Saturday, June 4, 2011

Morrowind - Why I Hated The Game of the Year

Elder Scrolls III: Morrowind is an award winning, Game of the Year RPG for the PC and X-Box. I bought the X-Box version because I heard that it was such an amazing game, and it is, or at least some of it is.

The world of Morrowind is designed for exploration. The game designers made it an expansive place with lots of interesting things to see and interact with. It seems to be about as much of a sandbox as you can get out of a videogame. The graphics are top notch, at least they were. This unfortunately means that the X-Box has a hard time managing it. Load times take forever, and it has a tendency to be jerky, and even crash.

Character creation is another area where you can tell they put a lot of time into it. There are a wide variety of races and classes to choose from. There is also a lot of customization that you can do with the way your character appears. The options are so wide that it can be hard to pick.

Unfortunately movement and combat show just how much they tried to cram into this game, as these aspects both suffer. Movement is ok, but it’s possible to get your character stuck on things like bushes, a patch of grass, or doorhandles. There is a jumping option, but I can’t say that I ever found it very useful except as a way to become unstuck.

Combat involves getting your target in your cross hairs, and swinging. It’s fiddly, and I really disliked it. There wasn’t any option (that I could discover) for any alternate attacks, and the standing there trading blows was not only fiddly, but boring. At least in many other games where you stand there and wack on each other it at least looks interesting. The lack of a good tutorial didn’t help it any either. I can’t remember the last game I played that didn’t have a solid combat tutorial. The same process of lining your target in the cross-hairs and clicking is used for interacting with things. Be it a door you want to open or an item you want to pick up. The process is still fiddly, but picking flowers or grabbing a torch isn’t likely to get you killed!

Interacting with people generally involves a LOT of reading. The more you talk to people and learn things, the more options you open up for later conversations. Unfortunately there is so much information that it’s hard to keep track of it, even with the journal.

After trying it out several times, reading walk-throughs, and other things online, I was left with the simple conclusion that while Morrowind is a fascinating game, it isn’t the game I’m looking for. What I want is more Knights of the Old Republic. I’ve played both, and Jade Empire, and for an RPG it hits everything I’m looking for. I’m finding Fable to be interesting and fairly engrossing as well. Seeing that I don’t have a whole lot of time to spend playing videogames, I find myself pretty picky about what gets my attention. Morrowind had its chance, and then some.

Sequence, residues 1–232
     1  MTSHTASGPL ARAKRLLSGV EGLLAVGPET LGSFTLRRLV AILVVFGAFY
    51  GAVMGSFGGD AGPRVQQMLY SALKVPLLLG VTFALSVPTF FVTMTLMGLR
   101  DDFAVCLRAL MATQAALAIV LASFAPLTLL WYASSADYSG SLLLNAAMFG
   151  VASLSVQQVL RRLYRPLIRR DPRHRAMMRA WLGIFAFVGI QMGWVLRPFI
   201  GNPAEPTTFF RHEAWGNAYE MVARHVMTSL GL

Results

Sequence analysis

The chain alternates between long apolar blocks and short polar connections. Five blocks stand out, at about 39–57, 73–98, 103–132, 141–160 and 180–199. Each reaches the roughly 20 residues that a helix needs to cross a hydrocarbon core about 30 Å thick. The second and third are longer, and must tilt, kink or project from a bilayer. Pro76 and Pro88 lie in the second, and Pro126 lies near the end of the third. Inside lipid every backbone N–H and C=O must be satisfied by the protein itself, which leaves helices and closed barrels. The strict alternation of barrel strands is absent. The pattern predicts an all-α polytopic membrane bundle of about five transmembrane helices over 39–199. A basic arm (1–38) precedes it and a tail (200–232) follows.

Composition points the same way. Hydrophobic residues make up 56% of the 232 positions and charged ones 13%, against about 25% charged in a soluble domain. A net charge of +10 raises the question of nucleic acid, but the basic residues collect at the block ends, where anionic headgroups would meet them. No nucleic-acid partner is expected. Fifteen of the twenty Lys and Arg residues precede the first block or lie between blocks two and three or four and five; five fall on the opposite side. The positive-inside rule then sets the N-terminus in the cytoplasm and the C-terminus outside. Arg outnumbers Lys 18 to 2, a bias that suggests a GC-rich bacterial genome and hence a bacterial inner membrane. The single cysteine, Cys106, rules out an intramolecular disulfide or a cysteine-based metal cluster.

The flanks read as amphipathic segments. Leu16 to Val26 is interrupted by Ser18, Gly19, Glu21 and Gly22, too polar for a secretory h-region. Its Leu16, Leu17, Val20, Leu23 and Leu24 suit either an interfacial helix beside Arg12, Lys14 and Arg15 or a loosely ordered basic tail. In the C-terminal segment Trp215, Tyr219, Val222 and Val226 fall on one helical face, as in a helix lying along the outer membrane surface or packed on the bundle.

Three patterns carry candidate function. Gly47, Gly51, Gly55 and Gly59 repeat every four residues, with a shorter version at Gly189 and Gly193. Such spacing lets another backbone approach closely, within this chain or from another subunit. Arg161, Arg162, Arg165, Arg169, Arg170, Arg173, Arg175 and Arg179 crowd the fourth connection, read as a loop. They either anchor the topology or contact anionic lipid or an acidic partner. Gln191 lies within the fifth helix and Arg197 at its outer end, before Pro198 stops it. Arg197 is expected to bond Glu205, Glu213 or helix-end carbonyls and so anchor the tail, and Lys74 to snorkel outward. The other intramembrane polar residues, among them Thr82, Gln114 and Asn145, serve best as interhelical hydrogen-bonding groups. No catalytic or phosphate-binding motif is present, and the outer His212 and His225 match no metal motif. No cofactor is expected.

1. After the first couple of hours, I spent all my time figuring out new ways to hamstring myself to keep from making the game too easy. Combat is just button-mashing, spells become over-powered VERY quickly... so I'm trying not to level too quickly, avoiding creating obviously overwhelming magic items, etc.

    Then I just abandoned the story and zoomed around to explore, which was fun for a while but...

  2. I totally loved the game even if I think that the shortcomings you point out are actually there. Yet I was enthralled by its sandbox-y nature.

    As a player you suddenly find yourself immersed in this exotic environment you know nothing about (the same as the character you play) and you slowly start to discover all the nuances of the cultures that inhabit it and their social structure. It was a fascinating experience.
    I still remember the satisfaction and excitement of entering the secret library of the Ordinators to find one of the few available copies of the scroll that told the true tale about the Battle at Red Mountain (because the official account was a cover up created by the Tribunal in order to hide their own responsibilietes and mistakes). The fact that you have to complete lots of quests just to discover its location reinforces the feeling that you are pursuing secret and potentially dangerous knowledge.
    I also remember how fun it was to learn about the traditions and life style of the fierce nomadic Dunmer and to understand the origin of their conflicts with the Great Houses, while at the same time working to gain their trust and be accepted as a member of one of the tribes.

    In the end, if you have the patience and the interest to play the game long enough, you will start to feel like the world is "real". The authors did a good job in creating a believable, deep and nuanced setting and they arranged for the player to be able to become a part of it by slowly getting to know and love its people. I've never had a similar experience with a different fantasy videogame.

    Best regards,

  3. I have tried getting into Elder Scrolls IV and it is just to hard. It's funny though. I had no problem getting along fine with Fallout 3, but ES IV was too much... weird.

  4. My biggest complaint is that it's fairly easy to get lost, and when you do, backtracking takes a long-ass time, complete with careful management of one's stamina bar.
    Combat was also troubling - those flying pterodactyl-types always attack from directly above you, and it's irritating how easily they can get the drop on you.
    I still think there's some pretty engaging material in the game, and it's interesting how useful it is to be really charismatic, given how much information and whatnot you can lay hold of if people like you. Definitely a feature nearly unique to the series, ime.